Civil War historians recall April 1865 as a month of momentous events. Richmond fell. Lee surrendered to Grant at Appomattox. President Lincoln was assassinated. Among such tumult, one occurrence is understandably overlooked — it was Passover.
Playwright Matthew Lopez, however, didn't miss this curious confluence of ritual and uproar. His new play, The Whipping Man — now playing at Manhattan Theatre Club's Stage I — is about a wounded, Jewish, Confederate soldier who returns to his home, where two of his freed black slaves, who also share the Jewish faith, remain. Together, they hold a seder, the ceremonial meal in which Jews recall their exodus from Egypt.
"It was pretty much a surprise to me," says actor André Braugher of the storyline. The "Homicide: Life on the Streets" actor plays Simon, one of the freed slaves. "But one of the things that I found exciting about the play is it's an unexplored corner of the Civil War. It seems to be an extraordinary set of unlikely events. A lot of things come together in the same week."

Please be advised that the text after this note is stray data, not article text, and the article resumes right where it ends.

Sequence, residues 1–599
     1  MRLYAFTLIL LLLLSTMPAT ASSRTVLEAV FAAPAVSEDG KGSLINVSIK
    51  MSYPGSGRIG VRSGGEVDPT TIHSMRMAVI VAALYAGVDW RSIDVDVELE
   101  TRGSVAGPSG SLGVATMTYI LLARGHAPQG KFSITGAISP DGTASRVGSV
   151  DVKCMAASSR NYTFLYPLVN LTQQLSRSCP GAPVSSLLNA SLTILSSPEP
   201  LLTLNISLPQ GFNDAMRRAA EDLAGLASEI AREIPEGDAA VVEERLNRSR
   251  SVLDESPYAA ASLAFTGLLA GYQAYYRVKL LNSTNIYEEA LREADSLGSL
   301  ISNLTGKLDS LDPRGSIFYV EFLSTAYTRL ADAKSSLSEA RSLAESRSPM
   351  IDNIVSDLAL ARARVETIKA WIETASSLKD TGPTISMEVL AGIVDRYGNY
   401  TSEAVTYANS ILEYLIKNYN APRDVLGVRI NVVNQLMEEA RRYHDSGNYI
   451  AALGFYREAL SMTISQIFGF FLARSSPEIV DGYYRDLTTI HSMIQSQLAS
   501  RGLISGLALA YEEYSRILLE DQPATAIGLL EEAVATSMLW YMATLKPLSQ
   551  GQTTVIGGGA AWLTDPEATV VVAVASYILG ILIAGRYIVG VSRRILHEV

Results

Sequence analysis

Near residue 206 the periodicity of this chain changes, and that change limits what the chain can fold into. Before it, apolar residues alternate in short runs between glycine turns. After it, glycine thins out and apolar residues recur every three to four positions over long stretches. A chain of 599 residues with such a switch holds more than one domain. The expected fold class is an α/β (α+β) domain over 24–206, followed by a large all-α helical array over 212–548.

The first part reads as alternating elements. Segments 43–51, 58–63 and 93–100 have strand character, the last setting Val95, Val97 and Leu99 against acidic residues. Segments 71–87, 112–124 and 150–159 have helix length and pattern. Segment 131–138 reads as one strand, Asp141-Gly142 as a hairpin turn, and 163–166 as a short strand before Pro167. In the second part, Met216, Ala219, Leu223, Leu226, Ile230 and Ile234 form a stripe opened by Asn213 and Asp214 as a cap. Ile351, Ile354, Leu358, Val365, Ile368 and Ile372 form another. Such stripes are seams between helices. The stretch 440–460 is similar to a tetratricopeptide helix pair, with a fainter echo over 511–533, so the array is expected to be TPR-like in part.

In the work, Simon remains at the plantation of his former owner, Caleb DeLeon, because he is waiting with his son for his wife and daughter. "In the course of the fall of Richmond, the family has been scattered," explains Braugher. "I've been up at the hospital with DeLeon. I then return to the house to wait for everybody else. Caleb, the young scion of this DeLeon household, has come back from the siege of Petersburg, wounded." Braugher believes Simon has embraced Judaism willingly, and is not practicing the faith under duress. "Of course, he feels like a Jew, but he hasn't had the practice of a Jew. He doesn't have a rabbi, he hasn't been bar mitzvahed, and he wouldn't count in a minyan," says the actor, using the term for the quorum of ten Jewish men required for certain religious practices. "But the way you're counted and the way you feel are two different things. For the character, he feels substantially connected to the Jewish faith, and he acts like it."